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Celebrities To Attend Face Awards This Week

GRAMMY, EMMY WINNERS AND THE VOICE GEAR UP TO HONOR HOUSTON LGBT COMMUNITY AT 6TH ANNUAL FACE AWARDS THIS WEEK

HOUSTON — LGBTQ+ Houston’s biggest award show celebrates their sixth year by announcing some of the biggest names in entertainment and politics this year for the 2017 FACE Awards, hosted by Sarah PepperLauren Kelly, and Geoff Sheen, the morning show at Mix 96.5FM.  The 2017 FACE Awards to be held South Beach the Nightclub in Montrose this week on Thursday, November 16, 2017, and is presented by Avenue 360 Health & WellnessSouth Beach the Nightclub and CBS Radio Houston.

NBC’s The Voice ® contestant and star Stephanie Rice will walk the red carpet and has been announced as a presenter at the FACE Awards. Grammy® winning artist Billy Dorsey, an outspoken advocate for equality will join the long list of exciting presenters. Dorsey will also be bringing down the house, as the FACE Awards has announced he will also perform.

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Derrick Shore at Emmy Awards presented at the Television Academy’s Wolf Theatre at the Saban Media Center on Saturday, July 22, 2017

Derrick Shore, an Emmy® winning journalist with more than 15 years in TV reporting on everything from the red carpet at the Oscars® to events at the White House has been announced to attend and present. Joining the amazing list of Emmy® winning talent, ABC News Houston affiliate Jessica Willey will grace the red carpet and co-present with a special guest.

Others exciting names will include Harris County Constable Alan Rosen, the beautiful Miss Texas, Nicole Lassiter whom will be returning for her second year. As the first openly gay President of Texas A&M UniversityBobby Brooks will make his debut this year. Houston’s favorite Al Farb, of 93Q Country, has also been announced to present. This year each presenter will be teamed up with an LGBT member of the community to present awards. A move that shows unity and equality, and love.

The FACE Awards will present awards in twenty-one different categories. Joey Guerra, Music Critic of the Houston Chronicle and Joy Sewing, Fashion Editor of the Houston Chronicle return to host ‘LIVE’ from the Red Carpet, a pre-show that highlights the red carpet arrivals of nominees, past winners, and community leaders starting at 7 PM and will be broadcast live on multiple social media platforms. Award show starts promptly at 8:30 PM.

Get Social With The Team

FACE Awards Twitter | FacebookInstagram | Website

Avenue 360 Health & Wellness FacebookWebsite

CBS Radio Sarah Pepper | Lauren Kelly

South Beach The Nightclub Facebook | Website

Joey Guerra Twitter | Instagram

Pride Houston® Facebook | Website

About Magazine Announces New Chief Editor

LGBT News Platform About Magazine Names Anthony Ramirez As Editor In Cheif

LGBT News Platform About Magazine Names Anthony Ramirez As Editor In Chief

(HOUSTON) — About Magazine + About News today announced that Anthony Ramirez has been appointed editor-in-chief of the About News platform. Ramirez succeeds Cade Michals, executive publisher, and founder since 2008, who is stepping aside for Ramirez to take lead. Michals will step back from his post as executive publisher of the LGBT news platform on November 7.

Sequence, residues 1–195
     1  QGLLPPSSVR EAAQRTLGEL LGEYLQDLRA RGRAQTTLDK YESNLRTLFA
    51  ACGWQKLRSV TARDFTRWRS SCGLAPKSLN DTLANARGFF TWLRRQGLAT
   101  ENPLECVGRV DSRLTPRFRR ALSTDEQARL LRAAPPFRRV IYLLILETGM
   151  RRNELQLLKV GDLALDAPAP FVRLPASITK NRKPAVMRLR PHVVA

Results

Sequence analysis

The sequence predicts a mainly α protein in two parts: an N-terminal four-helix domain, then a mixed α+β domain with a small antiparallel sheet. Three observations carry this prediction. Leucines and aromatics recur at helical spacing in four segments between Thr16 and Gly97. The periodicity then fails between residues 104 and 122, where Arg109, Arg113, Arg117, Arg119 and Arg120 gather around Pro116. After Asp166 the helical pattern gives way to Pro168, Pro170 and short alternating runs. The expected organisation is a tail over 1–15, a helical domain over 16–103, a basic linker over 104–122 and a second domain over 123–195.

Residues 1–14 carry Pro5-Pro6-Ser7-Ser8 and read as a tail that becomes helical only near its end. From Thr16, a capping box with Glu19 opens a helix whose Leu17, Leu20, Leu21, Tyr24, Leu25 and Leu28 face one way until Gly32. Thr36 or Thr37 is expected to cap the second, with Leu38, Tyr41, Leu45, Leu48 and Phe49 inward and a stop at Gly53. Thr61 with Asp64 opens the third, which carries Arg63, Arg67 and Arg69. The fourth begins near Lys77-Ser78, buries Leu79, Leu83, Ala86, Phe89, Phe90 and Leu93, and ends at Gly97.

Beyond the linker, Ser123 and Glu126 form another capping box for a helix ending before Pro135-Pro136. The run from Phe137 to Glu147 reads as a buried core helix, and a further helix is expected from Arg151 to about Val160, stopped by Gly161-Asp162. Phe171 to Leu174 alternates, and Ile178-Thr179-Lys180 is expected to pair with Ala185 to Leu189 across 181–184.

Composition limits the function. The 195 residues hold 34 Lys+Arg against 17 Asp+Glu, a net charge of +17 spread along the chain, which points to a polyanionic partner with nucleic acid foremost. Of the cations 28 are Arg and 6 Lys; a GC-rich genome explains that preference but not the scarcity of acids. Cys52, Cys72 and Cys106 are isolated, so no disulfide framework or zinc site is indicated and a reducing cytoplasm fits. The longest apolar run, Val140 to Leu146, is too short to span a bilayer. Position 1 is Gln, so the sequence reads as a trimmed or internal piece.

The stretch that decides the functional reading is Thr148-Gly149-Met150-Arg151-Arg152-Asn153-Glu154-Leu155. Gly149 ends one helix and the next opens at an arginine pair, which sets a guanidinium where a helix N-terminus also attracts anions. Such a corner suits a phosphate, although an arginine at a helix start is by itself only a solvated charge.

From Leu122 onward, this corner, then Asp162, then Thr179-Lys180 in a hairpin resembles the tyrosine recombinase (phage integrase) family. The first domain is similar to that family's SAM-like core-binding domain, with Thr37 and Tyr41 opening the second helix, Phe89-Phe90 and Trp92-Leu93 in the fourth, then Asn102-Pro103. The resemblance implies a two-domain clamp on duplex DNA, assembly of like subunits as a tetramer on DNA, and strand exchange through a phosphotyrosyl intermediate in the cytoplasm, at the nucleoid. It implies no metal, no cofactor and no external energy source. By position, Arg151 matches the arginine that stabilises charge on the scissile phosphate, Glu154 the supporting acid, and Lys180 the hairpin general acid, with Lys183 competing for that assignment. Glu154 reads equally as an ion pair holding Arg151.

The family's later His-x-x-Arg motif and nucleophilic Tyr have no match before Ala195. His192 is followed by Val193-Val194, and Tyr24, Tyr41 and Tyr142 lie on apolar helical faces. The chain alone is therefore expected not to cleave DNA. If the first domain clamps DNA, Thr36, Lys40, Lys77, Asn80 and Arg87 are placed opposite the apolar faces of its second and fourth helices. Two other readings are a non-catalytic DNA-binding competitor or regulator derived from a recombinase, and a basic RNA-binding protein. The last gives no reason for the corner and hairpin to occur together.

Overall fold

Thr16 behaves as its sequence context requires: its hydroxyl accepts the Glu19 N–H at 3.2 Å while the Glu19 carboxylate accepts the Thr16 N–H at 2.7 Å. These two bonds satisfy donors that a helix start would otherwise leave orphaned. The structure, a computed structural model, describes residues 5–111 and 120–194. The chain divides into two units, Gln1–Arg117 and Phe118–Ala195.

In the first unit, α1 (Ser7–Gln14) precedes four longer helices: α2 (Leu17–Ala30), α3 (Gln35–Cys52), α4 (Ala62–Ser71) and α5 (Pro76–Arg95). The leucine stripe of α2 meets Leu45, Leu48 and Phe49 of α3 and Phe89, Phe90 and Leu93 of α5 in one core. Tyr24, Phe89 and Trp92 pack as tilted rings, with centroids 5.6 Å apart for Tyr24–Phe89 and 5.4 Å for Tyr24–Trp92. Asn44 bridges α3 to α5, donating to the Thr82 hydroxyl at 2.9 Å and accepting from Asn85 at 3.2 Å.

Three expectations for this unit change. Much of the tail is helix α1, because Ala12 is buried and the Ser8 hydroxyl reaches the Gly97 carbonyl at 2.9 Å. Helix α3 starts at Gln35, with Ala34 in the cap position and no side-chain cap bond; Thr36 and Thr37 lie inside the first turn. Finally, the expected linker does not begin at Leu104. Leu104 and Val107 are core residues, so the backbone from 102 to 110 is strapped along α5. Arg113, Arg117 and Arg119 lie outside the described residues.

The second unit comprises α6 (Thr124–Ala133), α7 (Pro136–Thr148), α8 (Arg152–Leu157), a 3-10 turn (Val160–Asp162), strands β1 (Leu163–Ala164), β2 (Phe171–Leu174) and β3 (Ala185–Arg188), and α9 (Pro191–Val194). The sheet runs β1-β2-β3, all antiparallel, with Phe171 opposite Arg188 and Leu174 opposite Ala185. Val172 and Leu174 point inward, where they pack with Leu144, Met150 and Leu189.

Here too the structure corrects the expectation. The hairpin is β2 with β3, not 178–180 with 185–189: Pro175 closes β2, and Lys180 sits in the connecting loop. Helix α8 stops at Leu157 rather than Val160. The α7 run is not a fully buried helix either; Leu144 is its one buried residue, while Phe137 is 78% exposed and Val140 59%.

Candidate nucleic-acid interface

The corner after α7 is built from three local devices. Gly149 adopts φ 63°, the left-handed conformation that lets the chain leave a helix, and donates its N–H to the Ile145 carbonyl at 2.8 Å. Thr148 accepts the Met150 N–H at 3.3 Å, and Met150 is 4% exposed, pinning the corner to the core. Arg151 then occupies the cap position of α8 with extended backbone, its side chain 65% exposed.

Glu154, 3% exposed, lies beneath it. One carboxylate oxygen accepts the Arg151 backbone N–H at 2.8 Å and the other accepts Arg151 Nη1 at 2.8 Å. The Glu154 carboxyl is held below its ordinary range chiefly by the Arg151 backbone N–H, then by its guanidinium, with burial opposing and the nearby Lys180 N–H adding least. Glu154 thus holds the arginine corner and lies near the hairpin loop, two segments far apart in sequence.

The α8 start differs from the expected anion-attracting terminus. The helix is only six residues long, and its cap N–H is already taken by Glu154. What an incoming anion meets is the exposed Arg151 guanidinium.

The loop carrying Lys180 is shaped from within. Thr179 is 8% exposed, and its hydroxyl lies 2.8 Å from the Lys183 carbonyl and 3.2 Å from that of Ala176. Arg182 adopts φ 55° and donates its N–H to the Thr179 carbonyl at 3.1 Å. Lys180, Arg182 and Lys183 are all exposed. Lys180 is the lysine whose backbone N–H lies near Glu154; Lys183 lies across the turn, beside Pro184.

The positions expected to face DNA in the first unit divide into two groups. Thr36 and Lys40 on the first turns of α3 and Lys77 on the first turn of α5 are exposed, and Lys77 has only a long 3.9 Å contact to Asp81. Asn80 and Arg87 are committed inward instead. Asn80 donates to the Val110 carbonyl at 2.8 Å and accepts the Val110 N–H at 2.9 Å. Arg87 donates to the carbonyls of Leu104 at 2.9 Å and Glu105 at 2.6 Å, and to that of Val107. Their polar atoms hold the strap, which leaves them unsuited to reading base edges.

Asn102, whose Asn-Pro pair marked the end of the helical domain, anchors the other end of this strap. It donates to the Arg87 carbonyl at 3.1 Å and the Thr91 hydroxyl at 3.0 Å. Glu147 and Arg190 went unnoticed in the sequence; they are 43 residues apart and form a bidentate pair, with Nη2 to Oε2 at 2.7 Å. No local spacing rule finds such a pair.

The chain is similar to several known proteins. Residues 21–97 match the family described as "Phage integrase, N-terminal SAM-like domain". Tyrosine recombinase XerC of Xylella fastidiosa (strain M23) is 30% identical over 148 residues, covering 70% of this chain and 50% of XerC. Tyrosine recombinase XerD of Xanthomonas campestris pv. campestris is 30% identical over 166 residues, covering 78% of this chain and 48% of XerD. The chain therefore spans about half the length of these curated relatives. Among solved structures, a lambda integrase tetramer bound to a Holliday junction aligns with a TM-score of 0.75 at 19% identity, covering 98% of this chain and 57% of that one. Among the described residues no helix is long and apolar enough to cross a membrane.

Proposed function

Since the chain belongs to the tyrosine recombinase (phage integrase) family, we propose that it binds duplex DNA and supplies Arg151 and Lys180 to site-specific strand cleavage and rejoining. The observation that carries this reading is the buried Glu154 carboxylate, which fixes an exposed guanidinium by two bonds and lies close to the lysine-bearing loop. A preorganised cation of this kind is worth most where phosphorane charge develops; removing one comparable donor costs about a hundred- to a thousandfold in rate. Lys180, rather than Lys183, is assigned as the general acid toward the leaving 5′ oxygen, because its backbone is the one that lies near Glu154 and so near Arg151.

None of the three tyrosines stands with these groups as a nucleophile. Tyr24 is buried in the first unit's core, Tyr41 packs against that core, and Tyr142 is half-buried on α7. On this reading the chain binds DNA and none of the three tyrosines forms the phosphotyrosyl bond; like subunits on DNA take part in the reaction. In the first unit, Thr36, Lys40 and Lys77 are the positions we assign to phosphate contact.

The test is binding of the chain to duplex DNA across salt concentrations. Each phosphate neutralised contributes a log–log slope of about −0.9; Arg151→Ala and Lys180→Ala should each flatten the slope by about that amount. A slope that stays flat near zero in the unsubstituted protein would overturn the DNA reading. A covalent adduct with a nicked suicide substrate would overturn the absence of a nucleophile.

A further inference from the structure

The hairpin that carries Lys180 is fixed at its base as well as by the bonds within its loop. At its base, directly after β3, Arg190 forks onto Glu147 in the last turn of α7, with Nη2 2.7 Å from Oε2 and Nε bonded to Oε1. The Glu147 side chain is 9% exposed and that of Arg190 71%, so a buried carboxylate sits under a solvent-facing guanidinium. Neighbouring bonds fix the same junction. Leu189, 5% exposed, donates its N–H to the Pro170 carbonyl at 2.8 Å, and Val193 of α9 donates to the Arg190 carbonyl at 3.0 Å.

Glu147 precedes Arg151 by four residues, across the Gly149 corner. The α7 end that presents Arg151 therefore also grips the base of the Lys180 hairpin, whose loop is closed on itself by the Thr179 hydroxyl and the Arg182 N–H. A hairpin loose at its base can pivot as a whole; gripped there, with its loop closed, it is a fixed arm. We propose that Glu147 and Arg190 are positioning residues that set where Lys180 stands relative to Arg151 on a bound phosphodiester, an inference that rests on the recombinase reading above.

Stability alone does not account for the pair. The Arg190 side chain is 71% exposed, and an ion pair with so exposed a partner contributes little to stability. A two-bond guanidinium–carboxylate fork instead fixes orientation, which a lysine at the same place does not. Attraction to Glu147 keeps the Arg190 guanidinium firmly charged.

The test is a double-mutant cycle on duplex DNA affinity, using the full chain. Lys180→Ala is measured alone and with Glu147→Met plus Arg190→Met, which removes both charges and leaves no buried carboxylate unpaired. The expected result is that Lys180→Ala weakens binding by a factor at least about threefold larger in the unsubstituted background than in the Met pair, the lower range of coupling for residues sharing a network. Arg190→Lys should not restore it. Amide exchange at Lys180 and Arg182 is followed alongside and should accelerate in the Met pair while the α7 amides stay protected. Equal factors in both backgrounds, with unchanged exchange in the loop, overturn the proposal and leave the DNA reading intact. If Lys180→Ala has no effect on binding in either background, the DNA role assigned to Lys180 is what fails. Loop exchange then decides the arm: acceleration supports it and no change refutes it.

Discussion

Michals will continue to play a pivotal role behind the scenes with the organization, and its multiple affiliates, but will no longer make editorial, or day-to-day management decisions. Michals, also the founder and director of the LGBT award show in Houston, The F.A.C.E. Awards, has been transitioning the award show to a non-profit over the past few months allowing the awards show to continue.

Ramirez is no stranger to writing. He is credited with three published novels (The Write Thing, Witches of the Deep South, and Where He Lay Down). Credits also include published work with the Advertising Specialty Institute, and a nationally published column ‘Less Than Butterflies,’ that Ramirez has transitioned to the About News platform.

DSC_0059-1024x686 About Magazine Announces New Chief Editor
Anthony Ramirez named new editor in chief of About Magazine

Anthony has served as the editor of fiction and the director of social media and marketing for ELJ Publications. Last year he hosted the event Yas Queen: Out of the Margins (a reading of LGBTQ, POC, and women writers) at the American Writers and Writing Programs Conference in Washington D.C. He recently completed coursework for his Bachelor of the Fine Arts in Creative Writing.

Beyond writing and journalism, Ramirez is also a performer of the stage and screen. He is the host and executive producer of the web show ‘Wineding Down with Anthony.’ Ramirez currently produces and stars in the forthcoming sitcom ‘The Anthony Project.’

He also sings annually in the Kingwood Kabaret scholarship fundraising event for Lone Star College. Additionally, Ramirez serves as the volunteer committee chair for Pride Houston, Inc. His most recent novel, Where He Lay Down, was considered for an honor by the American Library Association’s ‘Over the Rainbow’ committee.

Starting with About News in June, Ramirez was an investigative reporter. With this transition, Ramirez plans to expand the brand into a multimedia platform that will include a boost in op-ed pieces, featuring short fiction and poetry from LGBTQ writers around the state. Also including video content, and spotlights on Texas-based LGBTQ civilians who impact the community in a positive way.

As a means of achieving these goals, Ramirez states he is actively seeking writers, videographers, editors, and SEO-literate people within the community to take the brand to a new level.

You can follow Ramirez on Twitter @MAnthony Ramirez or on Facebook at facebook.com/AnthonyRamirezAuthor

Intersex Awareness Day 2017

Intersex Awareness Day 2017
A graphic created by Anthony Ramirez for Intersex Awareness Day 2017.

Everything you need to know about what it means to be intersex on Intersex Awareness Day

(HOUSTON) — For many in the LGBTQ community, there’s a tendency to forget that the spectrum doesn’t stop at the Q. In fact, the acronym often includes a + at the end, to maintain inclusivity of all the people who aren’t abbreviated in the acronym. However it is seldom remembered that LGBTQ+ is actually LGBTQIA: lesbian, gay, bisexual, trans, queer, intersex, and asexual.

Many of these terms have been imbedded into our memory by now. Lesbian, gay, and bisexual are the most simple to understand for people outside the community, with trans seeming new to straight, cis-gender people (it’s not new, by the way). Asexuality could be perceived as simple explain to anyone who has no grasp on the subject. But when the word ‘intersex’ is thrown around, most people (including many in the LGBTQIA community) don’t have a clear understanding of what being intersex means.